Ethanol Groups React to Biden Clean Cars Plan

Cindy Zimmerman

As President Biden joined auto makers at the White House Thursday to announce a plan that includes a goal for electric vehicles to comprise 50% of new vehicle sales by 2030, ethanol groups were quick to remind him that low-carbon liquid fuels like ethanol will still be needed to reduce GHG emissions from internal combustion engines.

Renewable Fuels Association President and CEO Geoff Cooper:

“We agree with the Biden administration that action needs to be taken now to begin aggressively reducing GHG emissions from transportation. But decarbonizing our nation’s fuels and vehicles is going to take an all-of-the-above approach that stimulates growth in all available low-carbon technologies. The overarching goal should be to reach net-zero emissions as quickly as possible without dictating the pathway to get there or putting all our eggs into one technology basket. We believe any plan to decarbonize the transportation sector should recognize the massive opportunity for low-carbon liquid fuels like ethanol to reduce GHG emissions from internal combustion engines in the near term.”

American Coalition for Ethanol (ACE) CEO Brian Jennings:

“Pledges to make more electric vehicles in the future will do little to reduce GHG emissions until and unless the way we generate electricity in the U.S. undergoes expensive and prolonged changes. The environmental impacts, technical hurdles, and supply chain roadblocks for critical minerals needed for EV batteries also need to be understood and remedied before EVs could make meaningful reductions in GHGs. Meanwhile, nearly 100 percent of all U.S. light-duty vehicles on the road today use liquid fuels. Scientists indicate corn ethanol is already 50 percent cleaner than gasoline. If we want to get serious about tackling climate change sooner rather than later, government officials and automakers ought to be taking steps right now to help ensure motorists have greater access to low-carbon alternatives to gasoline such as E15 and E85. Each increased gallon of ethanol used in the U.S. today reduces GHGs and the Administration can take steps today through the Renewable Fuel Standard to push more ethanol into the marketplace.”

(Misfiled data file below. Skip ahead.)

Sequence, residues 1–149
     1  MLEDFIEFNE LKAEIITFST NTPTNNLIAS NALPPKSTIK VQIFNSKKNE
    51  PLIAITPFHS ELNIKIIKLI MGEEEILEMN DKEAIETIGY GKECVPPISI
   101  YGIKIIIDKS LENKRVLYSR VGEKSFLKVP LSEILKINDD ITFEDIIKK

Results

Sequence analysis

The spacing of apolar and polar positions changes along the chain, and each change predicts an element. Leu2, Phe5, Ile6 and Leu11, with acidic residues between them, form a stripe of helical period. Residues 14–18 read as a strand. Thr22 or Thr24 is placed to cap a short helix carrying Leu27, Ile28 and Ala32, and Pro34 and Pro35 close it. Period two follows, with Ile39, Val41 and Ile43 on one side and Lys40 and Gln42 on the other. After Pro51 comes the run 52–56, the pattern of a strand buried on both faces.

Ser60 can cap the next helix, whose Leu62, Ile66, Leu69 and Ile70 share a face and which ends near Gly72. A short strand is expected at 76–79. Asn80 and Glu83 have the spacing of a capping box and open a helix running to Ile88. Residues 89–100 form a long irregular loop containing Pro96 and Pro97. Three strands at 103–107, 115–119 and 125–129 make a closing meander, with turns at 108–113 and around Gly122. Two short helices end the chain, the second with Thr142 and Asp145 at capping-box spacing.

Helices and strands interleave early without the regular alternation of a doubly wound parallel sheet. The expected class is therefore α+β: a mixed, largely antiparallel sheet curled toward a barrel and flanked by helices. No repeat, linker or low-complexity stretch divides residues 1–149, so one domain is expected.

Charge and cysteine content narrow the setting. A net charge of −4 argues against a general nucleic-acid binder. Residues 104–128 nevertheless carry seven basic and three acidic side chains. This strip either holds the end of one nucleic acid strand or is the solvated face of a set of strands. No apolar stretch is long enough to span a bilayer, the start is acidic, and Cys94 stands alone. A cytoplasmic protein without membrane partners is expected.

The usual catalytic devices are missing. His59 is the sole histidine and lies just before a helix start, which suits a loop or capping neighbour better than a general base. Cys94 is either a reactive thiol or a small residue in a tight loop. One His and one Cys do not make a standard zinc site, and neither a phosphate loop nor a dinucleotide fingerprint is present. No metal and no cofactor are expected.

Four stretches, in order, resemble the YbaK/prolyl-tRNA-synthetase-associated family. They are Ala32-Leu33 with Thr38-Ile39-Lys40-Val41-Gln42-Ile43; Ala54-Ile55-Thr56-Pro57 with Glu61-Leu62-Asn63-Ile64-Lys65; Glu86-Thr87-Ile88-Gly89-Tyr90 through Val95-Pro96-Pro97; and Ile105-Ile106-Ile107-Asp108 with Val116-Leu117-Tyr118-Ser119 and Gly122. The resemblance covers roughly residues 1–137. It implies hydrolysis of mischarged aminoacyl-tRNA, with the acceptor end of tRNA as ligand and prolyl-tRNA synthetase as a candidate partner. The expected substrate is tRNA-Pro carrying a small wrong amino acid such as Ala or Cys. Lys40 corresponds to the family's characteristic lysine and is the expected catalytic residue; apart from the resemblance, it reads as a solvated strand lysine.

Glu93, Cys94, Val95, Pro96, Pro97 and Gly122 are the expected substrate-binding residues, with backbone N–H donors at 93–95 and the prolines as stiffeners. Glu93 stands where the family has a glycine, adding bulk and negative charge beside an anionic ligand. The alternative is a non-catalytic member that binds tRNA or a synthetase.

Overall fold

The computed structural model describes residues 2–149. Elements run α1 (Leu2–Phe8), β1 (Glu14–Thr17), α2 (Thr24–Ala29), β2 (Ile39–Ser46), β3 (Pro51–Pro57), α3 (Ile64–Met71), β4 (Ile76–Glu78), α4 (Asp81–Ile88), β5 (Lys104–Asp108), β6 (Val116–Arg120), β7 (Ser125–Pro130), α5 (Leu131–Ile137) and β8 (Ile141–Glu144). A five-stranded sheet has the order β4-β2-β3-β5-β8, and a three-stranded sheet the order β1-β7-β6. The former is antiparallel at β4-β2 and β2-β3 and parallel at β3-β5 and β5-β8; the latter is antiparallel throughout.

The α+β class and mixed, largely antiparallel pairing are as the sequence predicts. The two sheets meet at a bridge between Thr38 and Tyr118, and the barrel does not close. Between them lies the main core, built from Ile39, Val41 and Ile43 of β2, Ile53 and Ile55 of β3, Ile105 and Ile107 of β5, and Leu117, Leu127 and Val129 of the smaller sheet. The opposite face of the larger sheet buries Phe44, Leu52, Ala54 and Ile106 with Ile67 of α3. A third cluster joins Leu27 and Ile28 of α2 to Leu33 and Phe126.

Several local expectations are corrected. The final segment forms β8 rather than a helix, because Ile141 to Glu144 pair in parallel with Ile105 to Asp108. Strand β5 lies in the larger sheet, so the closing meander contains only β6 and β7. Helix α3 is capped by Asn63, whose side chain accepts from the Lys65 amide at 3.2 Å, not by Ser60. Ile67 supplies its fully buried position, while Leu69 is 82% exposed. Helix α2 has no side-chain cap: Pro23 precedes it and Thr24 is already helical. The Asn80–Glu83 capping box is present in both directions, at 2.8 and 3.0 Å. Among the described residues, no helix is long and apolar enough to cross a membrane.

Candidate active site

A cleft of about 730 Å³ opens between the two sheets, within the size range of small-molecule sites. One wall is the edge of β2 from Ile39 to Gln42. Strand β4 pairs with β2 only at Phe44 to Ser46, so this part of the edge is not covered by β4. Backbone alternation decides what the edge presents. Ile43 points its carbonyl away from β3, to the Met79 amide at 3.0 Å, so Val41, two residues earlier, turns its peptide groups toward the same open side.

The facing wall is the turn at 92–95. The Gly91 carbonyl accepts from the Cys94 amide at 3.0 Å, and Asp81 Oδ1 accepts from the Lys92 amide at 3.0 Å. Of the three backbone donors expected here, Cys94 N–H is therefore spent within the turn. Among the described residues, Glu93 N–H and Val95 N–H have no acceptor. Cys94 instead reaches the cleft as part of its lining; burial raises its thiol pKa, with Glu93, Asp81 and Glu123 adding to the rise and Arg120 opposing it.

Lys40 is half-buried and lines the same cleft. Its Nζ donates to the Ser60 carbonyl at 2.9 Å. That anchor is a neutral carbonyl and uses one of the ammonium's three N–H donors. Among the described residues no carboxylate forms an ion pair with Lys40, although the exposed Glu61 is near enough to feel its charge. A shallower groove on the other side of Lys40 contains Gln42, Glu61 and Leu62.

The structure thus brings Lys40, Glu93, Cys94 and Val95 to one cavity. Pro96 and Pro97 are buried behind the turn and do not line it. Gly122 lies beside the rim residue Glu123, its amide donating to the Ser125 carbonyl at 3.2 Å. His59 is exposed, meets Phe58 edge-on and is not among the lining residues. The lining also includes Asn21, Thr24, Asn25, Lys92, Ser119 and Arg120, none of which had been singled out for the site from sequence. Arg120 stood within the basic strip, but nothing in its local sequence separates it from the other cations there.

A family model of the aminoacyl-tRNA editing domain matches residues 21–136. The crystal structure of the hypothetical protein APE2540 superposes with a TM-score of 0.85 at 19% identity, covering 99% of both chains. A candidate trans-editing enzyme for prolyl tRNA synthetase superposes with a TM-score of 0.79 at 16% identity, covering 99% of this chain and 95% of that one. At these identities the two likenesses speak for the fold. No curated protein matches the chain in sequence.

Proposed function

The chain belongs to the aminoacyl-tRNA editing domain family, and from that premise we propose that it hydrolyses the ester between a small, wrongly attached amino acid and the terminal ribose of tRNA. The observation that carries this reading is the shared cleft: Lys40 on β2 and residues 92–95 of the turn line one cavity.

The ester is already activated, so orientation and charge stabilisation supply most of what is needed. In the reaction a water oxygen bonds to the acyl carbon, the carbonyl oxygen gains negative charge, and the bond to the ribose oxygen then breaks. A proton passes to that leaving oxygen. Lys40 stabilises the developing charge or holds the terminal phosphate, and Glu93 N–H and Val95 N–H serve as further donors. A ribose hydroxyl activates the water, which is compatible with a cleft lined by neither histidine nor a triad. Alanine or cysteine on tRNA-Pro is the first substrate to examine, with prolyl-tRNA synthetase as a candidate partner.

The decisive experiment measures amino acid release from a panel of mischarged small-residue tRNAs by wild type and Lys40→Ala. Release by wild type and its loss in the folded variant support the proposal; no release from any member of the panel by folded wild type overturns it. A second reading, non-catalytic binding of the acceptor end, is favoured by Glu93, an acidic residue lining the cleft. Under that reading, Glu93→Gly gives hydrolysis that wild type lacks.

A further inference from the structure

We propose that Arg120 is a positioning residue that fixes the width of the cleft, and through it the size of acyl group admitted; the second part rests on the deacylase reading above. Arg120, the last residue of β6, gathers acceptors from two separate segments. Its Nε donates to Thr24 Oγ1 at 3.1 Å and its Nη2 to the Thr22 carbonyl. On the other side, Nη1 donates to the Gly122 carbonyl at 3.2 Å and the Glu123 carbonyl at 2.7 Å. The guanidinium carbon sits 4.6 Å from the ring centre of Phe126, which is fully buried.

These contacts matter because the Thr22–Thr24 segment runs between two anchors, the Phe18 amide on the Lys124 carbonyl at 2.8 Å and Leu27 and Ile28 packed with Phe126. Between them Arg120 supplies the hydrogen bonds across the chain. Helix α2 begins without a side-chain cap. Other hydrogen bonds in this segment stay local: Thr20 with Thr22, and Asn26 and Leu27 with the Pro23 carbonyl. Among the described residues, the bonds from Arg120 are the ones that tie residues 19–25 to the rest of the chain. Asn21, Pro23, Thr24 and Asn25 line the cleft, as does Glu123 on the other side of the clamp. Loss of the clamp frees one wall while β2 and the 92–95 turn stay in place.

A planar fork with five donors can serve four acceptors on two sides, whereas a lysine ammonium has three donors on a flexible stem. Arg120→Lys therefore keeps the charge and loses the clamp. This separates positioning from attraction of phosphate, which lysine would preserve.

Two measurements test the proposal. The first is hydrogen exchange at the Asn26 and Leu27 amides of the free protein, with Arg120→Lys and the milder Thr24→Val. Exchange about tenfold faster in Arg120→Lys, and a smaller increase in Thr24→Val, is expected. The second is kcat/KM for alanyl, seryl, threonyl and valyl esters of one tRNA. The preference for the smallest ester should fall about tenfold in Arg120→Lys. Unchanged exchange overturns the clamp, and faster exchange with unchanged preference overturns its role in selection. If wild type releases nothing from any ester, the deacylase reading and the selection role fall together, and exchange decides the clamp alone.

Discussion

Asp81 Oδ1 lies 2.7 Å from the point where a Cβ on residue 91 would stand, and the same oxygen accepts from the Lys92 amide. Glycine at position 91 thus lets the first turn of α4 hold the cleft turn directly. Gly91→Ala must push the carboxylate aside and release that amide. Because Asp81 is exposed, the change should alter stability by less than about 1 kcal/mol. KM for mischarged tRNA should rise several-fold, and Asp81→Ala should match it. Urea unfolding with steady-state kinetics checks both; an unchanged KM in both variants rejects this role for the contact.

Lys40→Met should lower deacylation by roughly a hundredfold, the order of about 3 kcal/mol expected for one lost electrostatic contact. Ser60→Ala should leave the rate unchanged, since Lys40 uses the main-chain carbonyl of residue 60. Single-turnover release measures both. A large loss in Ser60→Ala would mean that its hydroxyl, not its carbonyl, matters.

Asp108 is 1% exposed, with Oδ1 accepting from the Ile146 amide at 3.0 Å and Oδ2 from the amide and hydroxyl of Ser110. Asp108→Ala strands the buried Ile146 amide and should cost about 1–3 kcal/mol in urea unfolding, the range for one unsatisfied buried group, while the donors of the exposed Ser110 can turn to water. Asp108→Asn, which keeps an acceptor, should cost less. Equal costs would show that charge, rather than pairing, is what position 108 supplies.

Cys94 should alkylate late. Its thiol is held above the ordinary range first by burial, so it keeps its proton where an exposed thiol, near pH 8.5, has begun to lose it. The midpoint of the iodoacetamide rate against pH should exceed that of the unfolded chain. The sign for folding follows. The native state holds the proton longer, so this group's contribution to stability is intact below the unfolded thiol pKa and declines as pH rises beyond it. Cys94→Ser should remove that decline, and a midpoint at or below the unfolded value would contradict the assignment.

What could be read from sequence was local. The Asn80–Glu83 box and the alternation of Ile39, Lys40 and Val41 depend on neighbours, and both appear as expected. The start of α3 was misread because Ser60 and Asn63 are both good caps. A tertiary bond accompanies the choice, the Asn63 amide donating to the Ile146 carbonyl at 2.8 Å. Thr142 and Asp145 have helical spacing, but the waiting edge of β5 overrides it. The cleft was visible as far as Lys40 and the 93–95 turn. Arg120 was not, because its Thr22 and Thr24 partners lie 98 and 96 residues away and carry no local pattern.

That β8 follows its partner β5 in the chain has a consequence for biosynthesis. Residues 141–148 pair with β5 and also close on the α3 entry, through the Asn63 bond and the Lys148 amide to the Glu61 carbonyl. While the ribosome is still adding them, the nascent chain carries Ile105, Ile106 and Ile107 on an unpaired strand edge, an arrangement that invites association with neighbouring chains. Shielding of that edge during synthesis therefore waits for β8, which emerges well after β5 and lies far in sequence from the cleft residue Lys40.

RFA Chief Economist Scott Richman commented on RFA’s response to President Biden’s newly announced plan during an interview.

RFA Economist Scott Richman comments on Biden clean cars plan 3:07

ACE, Electric Vehicles, Ethanol, Ethanol News, Renewable Fuels Association, RFA